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The latest addition to Historic New England’s Stewardship Easement Program is the c. 1653 Scotchford-Wheeler House in Concord, Massachusetts. Scotchford-Wheeler House is a unique and significant piece of New England’s past with an intriguing history. Tradition maintains that the house was constructed by John Scotchford, an original settler of “Concord Plantation,” and was later used to store supplies for the Continental Army during the American Revolution.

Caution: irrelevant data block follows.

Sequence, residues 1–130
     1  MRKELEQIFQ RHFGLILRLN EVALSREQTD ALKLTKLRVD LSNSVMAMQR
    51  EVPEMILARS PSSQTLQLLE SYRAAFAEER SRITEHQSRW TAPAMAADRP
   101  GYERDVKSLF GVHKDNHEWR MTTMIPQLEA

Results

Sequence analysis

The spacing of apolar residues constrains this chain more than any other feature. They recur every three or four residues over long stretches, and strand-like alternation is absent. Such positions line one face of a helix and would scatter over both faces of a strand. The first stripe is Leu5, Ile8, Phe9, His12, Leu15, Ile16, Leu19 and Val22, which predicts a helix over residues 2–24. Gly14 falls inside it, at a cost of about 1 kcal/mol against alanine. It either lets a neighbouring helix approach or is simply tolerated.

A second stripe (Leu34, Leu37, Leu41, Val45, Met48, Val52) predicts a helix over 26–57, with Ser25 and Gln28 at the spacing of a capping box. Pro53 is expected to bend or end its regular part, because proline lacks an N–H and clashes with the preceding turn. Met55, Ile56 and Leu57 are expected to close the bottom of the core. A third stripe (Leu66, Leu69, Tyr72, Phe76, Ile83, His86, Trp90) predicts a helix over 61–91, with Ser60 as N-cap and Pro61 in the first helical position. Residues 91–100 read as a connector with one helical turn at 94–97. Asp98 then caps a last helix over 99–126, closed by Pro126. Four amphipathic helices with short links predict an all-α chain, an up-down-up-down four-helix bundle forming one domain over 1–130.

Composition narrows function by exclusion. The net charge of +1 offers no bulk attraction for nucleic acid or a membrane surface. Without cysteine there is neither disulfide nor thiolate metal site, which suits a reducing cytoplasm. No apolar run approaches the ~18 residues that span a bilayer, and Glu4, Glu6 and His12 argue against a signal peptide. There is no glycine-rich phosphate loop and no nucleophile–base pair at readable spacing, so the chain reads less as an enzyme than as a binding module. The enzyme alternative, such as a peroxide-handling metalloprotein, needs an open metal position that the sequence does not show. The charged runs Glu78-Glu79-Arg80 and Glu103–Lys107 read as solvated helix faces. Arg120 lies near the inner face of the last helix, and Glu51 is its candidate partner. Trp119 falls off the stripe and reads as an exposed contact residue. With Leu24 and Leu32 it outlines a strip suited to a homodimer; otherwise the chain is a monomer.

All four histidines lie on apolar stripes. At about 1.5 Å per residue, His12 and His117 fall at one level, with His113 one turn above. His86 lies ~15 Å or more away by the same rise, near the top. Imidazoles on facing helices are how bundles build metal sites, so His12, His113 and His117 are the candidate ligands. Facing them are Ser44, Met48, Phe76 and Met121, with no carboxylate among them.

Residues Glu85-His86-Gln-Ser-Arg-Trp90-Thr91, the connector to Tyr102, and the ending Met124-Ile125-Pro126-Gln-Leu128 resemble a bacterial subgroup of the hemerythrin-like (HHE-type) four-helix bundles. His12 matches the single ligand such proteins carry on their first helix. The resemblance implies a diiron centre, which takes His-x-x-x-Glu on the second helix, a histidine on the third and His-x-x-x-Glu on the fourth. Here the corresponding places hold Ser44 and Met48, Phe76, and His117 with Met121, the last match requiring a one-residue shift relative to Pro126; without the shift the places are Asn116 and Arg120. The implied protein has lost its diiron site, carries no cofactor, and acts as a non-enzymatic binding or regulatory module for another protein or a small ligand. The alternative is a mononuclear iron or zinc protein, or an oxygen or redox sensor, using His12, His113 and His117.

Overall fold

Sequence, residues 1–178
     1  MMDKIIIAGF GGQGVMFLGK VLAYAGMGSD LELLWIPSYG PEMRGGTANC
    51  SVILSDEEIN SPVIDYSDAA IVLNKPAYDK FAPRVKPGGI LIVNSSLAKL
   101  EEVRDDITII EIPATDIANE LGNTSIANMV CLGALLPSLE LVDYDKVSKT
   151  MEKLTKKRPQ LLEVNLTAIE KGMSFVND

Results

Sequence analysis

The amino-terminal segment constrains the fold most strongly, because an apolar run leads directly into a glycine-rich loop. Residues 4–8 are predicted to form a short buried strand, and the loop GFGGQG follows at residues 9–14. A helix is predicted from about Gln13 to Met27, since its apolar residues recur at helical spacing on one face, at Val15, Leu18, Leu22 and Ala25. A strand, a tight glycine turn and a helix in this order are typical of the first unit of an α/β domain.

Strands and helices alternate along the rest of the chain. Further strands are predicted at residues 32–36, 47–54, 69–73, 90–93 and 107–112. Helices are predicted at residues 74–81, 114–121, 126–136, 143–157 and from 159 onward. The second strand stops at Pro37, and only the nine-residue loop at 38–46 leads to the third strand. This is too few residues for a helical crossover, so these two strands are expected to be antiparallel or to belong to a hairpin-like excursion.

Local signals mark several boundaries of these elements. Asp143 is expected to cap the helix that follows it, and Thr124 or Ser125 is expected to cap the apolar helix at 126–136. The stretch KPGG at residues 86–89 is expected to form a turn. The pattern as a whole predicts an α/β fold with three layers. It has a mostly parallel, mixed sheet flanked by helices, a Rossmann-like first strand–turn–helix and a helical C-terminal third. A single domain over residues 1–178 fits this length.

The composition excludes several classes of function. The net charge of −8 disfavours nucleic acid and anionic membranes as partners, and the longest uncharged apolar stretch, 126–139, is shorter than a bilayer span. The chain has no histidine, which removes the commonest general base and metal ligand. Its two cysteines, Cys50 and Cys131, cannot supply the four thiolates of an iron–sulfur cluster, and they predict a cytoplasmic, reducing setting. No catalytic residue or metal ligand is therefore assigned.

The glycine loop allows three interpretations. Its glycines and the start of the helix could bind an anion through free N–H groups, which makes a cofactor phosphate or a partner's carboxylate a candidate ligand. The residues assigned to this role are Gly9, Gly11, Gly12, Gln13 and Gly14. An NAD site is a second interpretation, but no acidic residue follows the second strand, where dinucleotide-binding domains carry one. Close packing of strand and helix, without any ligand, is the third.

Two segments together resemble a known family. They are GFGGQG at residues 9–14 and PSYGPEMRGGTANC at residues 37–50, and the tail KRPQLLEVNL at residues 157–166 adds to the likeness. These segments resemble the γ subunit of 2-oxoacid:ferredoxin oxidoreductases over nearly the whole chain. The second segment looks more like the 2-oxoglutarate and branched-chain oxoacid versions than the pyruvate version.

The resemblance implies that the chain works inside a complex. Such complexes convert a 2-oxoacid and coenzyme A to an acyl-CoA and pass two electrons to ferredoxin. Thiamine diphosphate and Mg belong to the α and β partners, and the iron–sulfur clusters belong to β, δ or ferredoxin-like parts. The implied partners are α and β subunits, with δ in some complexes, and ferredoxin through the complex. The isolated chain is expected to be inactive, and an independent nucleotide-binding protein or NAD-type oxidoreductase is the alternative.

After John Scotchford sold the house to Deacon Edward Wheeler in 1696, the house remained in the Wheeler Family through the nineteenth and twentieth centuries. When Richard and Betty Ann Wheeler purchased the house from family members in 1975, they continued the ownership of Deacon Wheeler’s descendants into the twenty-first century. They decided to donate a preservation easement to Historic New England in order to assure that the house will exist as a valuable part of Concord’s architectural heritage for many future generations. Protected by the preservation easement are the house’s significant interior and exterior features, as well as its urban setting. Notably, this is the first property Historic New England has been able to protect in Concord.